|Filed June 4, 2002|
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Sonja Skadberg, Petitioner and Appellee
Todd Skadberg, Respondent and Appellant
Appeal from the District Court of Morton County, South Central Judicial District, the Honorable Benny A. Graff, Judge.
Opinion of the Court by Kapsner, Justice.
Sonja Skadberg (no appearance), pro se, 110 Division St. NW, Mandan, ND 58554, for petitioner and appellee.
Shari McPhail, McPhail Law Firm, Logans on Third, 120 3rd St. N., Ste. 100, Bismarck, ND 58501-3860, for respondent and appellant.
Skadberg v. Skadberg
[¶1] Todd Skadberg appeals from the district court's issuance of a disorderly conduct restraining order preventing him from contacting his ex-wife, Sonja Skadberg. We conclude there were reasonable grounds for the issuance of the order, and that Todd was afforded a full hearing. We further conclude Todd's visitation with his daughter has not been unreasonably restricted following the disorderly conduct restraining order. We affirm the district court's order.
[¶2] On September 28, 2001, Sonja petitioned for a disorderly conduct restraining order against Todd. Her petition alleged multiple harassing telephone calls, some of which were hang-ups, and that the calls were affecting their daughter, who was three years old at the time. She also alleged Todd threatened a friend of hers. A temporary disorderly conduct restraining order, prohibiting Todd from having any contact with Sonja and their daughter until a hearing on the petition could be held, was issued the same day.
[¶3] The hearing on Sonja's petition was held October 8, 2001. The district court accepted Sonja's affidavit as her testimony and allowed Todd to cross-examine her on the same. Todd submitted an affidavit but did not testify at the hearing. Following the hearing, the district court issued the disorderly conduct restraining order, but lifted the no-contact order between Todd and his daughter. The disorderly conduct restraining order was to remain in effect for one year.
[¶4] Todd appeals the disorderly conduct restraining order, arguing there were not reasonable grounds for its issuance because Sonja did not present evidence of specific acts or threats constituting disorderly conduct. Todd also argues he was denied due process because a full hearing on the disorderly conduct restraining order was not held. Finally, Todd argues the visitation and telephone schedule impermissibly limit his right to enjoy a relationship with his daughter.
[¶5] A court may grant a disorderly conduct restraining order if the court finds "there are reasonable grounds to believe that the respondent has engaged in disorderly conduct." N.D.C.C. § 12.1-31.2-01(5)(d). Disorderly conduct is defined as "intrusive or unwanted acts, words, or gestures that are intended to adversely affect the safety, security, or privacy of another person. [It] does not include constitutionally protected activity." Id. § 12.1-31.2-01(1). We have concluded "'reasonable grounds' is synonymous with 'probable cause.'" Tibor v. Lund, 1999 ND 176, ¶ 7, 599 N.W.2d 301.
[¶6] "Reasonable grounds exist for purposes of this section when facts and circumstances presented to the judge are sufficient to warrant a person of reasonable caution to believe that acts constituting the offense of disorderly conduct have been committed." Svedberg v. Stamness, 525 N.W.2d 678, 682 (N.D. 1994). "To support a request for a disorderly conduct restraining order under the statute the petitioner must present evidence of specific acts or threats constituting disorderly conduct . . . ." Wishnatsky v. Huey, 1997 ND 35, ¶ 14, 560 N.W.2d 878. It is not enough to show the actions of a person are unwanted, but rather, "[t]he petitioner must show specific 'unwanted acts . . . that are intended to adversely affect the safety, security, or privacy of another person.'" Tibor, 1999 ND 176, ¶ 9, 599 N.W.2d 301.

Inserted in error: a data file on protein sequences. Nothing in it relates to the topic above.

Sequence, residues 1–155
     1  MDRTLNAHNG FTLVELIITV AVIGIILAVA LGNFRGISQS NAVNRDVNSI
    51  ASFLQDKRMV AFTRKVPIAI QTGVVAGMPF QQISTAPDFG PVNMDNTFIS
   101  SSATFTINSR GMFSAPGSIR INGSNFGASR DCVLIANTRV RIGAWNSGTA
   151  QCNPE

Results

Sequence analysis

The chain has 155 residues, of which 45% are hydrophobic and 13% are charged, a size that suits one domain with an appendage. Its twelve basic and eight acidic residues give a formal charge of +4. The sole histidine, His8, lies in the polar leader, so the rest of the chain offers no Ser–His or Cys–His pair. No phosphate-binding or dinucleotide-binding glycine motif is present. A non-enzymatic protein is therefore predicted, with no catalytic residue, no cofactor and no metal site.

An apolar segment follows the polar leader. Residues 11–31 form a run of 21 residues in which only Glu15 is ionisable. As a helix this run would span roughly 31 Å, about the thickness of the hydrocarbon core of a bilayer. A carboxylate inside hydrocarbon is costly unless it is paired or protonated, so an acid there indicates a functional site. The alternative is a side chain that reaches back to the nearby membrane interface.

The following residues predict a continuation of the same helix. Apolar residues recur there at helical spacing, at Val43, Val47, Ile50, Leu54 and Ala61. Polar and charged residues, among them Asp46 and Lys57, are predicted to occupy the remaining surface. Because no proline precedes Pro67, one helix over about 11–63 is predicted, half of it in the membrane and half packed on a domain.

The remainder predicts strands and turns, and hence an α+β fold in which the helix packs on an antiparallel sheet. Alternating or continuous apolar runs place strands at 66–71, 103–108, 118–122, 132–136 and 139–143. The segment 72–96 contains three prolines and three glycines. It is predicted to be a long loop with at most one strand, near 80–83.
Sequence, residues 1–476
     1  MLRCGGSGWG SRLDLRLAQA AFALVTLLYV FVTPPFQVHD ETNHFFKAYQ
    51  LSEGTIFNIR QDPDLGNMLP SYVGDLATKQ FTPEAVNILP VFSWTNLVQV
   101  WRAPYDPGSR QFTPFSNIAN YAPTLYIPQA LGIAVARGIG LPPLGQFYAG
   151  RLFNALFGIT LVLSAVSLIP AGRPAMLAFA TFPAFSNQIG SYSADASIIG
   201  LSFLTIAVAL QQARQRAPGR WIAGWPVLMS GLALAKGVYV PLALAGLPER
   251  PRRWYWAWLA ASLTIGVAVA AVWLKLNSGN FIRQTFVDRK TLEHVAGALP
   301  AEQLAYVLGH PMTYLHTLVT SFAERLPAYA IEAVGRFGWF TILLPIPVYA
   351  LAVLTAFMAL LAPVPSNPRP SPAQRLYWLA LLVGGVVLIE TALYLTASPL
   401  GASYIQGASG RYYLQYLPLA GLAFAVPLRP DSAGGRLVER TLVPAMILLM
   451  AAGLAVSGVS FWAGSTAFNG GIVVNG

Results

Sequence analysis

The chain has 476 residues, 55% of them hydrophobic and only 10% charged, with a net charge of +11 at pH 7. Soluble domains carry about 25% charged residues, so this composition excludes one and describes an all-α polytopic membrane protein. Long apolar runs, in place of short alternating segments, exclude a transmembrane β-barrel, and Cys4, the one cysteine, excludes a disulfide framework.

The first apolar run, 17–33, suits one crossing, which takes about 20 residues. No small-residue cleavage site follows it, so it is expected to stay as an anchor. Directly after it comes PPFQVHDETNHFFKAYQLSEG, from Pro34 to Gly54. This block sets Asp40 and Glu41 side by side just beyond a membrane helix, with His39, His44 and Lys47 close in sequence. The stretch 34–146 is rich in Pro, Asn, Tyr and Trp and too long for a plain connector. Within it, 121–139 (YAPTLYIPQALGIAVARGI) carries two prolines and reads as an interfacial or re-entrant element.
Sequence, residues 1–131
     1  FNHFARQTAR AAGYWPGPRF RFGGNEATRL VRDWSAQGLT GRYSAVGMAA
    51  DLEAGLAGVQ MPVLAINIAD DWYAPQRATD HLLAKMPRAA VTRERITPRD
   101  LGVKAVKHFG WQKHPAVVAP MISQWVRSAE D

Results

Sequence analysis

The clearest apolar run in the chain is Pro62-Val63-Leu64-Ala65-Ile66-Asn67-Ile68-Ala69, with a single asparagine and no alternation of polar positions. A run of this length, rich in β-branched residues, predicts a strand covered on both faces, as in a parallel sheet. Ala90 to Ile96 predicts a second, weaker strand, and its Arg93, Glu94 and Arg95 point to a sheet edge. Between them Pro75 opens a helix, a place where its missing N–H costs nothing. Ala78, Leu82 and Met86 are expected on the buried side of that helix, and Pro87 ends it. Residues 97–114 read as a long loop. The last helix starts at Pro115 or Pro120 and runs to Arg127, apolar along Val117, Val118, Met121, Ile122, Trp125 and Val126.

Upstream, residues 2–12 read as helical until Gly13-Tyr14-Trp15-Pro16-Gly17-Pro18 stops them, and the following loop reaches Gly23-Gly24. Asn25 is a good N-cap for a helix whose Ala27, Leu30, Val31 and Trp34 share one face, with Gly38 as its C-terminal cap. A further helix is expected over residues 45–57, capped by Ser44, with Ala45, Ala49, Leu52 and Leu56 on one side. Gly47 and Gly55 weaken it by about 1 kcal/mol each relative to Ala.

[¶7] Sonja's evidence of Todd engaging in disorderly conduct came from the affidavit accompanying her petition for the restraining order and her testimony on cross-examination. In her affidavit Sonja stated:
I am receiving calls at all hours of the day and night with very obscene language and name calling. Todd is harrassing [sic] me about [the] tax rebate from the IRS, threatening to tell the IRS that I forged his signature on an IRS return. . . .
Todd calls to harrass [sic] me about my personal life, calling me names such as [b]itch, whore, etc. and to tell me that he hates my guts. . . .
Our divorce is final but his calls, and frequency and severity of the calls, are getting worse. It is affecting our daughter, age 3.
[¶8] On cross-examination, Sonja testified regarding the contents of her affidavit. She testified she received telephone calls from Todd during which she believed her safety was threatened: "[h]e threatened my safety in the fact that he would--the language he would use. When someone is so angry and screaming at you in a high-pitched voice like a woman, using obscene language, it's a threat to your safety." Sonja further testified to receiving a phone call from Todd "[a]t least every three days." Some telephone calls were received late at night, "[a]nywhere from 10:00 [p.m.] to 2:00 a.m." Phone calls at this time of the night "[were] hang up calls," and "since the restraining order our phone hasn't rang once."
[¶9] Todd's affidavit not only disputed Sonja's characterization of the telephone calls as threatening, but also disputed the time of the evening the phone calls were placed.(1) The district court, after reading the affidavits of both Sonja and Todd and hearing Sonja's testimony, chose to accept and believe Sonja's version of the events. "'[T]he trial court is in a better position to judge the demeanor and credibility of witnesses and weigh the evidence than we who have only the cold record to review.'" Svedberg, 525 N.W.2d at 682. "This is a province firmly entrusted to the trial court, and we will generally defer to its expertise." Id.
[¶10] While support in the record for the order is sparse, a person of reasonable caution could believe acts constituting disorderly conduct had been committed. Sonja testified to telephone calls, some of which were hang-ups, on specific dates placed at the same general time of the night. She testified the number and frequency of the telephone calls were affecting their daughter. It was reasonable to conclude the calls served no purpose other than to harass and intimidate Sonja. See Cave v. Wetzel, 545 N.W.2d 149, 152 (N.D. 1996) (affirming the district court's granting of a disorderly conduct restraining order because a pattern of hang-up telephone calls "served no purpose but to harass and intimidate"). The district court, having found Sonja's testimony credible, did not err in determining the pattern of hang-up telephone calls adversely affected Sonja's safety, security, or privacy.